Last Thursday, the Archdiocese of Chicago received a permit from the City of Chicago’s Department of Buildings to demolish the Shrine of Christ the King at 64th Street and South Woodlawn Avenue.
While the permit grants the archdiocese permission to move forward with the demolition process, the archdiocese has yet to release a formal statement regarding its plans for the building. “We are in talks with the leadership of the Shrine of Christ the King about an alternative arrangement and will provide further information as soon as it is available,” a spokesperson from the archdiocese said.
Church leadership, the archdiocese, and community organizations have been debating the fate of the church since it was severely damaged by a fire in October. The church leadership and community have been advocating for the archdiocese to delay demolition in order to provide more time to examine alternative solutions.
Although the Shrine became a landmark in 2003, the City declared the building unsafe after the fire, which stripped it of its protected status. The archdiocese first filed for a demolition permit in early January.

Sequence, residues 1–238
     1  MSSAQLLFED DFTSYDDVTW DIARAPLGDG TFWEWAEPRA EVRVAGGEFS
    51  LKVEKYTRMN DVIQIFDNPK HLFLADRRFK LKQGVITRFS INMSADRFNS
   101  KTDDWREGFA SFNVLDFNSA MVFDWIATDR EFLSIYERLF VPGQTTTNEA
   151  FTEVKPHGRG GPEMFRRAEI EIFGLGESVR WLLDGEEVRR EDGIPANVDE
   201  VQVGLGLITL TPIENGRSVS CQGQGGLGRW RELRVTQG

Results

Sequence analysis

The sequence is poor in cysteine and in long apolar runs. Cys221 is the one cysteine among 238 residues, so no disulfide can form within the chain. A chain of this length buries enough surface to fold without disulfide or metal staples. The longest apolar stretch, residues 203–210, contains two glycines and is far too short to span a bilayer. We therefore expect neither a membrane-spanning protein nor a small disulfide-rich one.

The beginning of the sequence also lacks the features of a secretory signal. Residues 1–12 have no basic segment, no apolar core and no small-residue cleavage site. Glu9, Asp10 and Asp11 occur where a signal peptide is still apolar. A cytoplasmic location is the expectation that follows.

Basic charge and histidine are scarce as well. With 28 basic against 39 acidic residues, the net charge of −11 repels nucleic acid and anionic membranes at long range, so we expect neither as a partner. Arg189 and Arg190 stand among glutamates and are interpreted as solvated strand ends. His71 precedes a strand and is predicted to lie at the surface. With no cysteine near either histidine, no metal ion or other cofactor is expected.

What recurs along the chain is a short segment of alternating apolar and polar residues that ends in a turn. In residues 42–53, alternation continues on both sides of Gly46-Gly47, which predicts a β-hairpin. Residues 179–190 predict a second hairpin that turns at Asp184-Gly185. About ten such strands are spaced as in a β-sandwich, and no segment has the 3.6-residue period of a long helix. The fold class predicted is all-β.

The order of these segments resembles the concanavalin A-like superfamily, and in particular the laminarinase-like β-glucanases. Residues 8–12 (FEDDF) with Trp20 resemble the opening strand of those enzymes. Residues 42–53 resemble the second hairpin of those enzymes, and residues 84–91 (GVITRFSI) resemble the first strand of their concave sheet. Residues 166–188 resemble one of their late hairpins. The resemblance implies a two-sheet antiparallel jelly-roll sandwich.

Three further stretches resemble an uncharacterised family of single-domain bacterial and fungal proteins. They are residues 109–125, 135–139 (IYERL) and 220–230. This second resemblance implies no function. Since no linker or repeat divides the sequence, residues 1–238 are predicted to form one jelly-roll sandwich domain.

This action prompted the formation of the Coalition to Save the Shrine, a group of parishioners and community members in favor of protecting the 92-year-old building. In the time between the filing and approval of the permit, the coalition maintained an active social media presence to gain support within the community and reached out to several historical preservation societies for support.
One such society, Preservation Chicago, has received a total of $650,000 in anonymous donations for the purpose of saving the church. This sum is separate from the additional $70,000 raised on the GoFundMe page that the church organized soon after the fire.
“We hope the Archdiocese will recognize that concrete sources of funding for the repair of this Landmark building are indeed forthcoming, given a reasonable timeframe,” Coalition member Emily Nielsen said.